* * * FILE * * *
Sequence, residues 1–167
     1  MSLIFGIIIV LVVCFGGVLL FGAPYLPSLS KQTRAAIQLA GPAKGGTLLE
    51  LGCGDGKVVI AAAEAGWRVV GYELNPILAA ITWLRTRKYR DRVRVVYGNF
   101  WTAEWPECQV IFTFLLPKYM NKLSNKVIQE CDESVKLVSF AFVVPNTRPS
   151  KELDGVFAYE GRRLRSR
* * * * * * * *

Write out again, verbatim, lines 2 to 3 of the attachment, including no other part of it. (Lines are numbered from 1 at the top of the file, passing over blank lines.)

     1  MSLIFGIIIV LVVCFGGVLL FGAPYLPSLS KQTRAAIQLA GPAKGGTLLE
    51  LGCGDGKVVI AAAEAGWRVV GYELNPILAA ITWLRTRKYR DRVRVVYGNF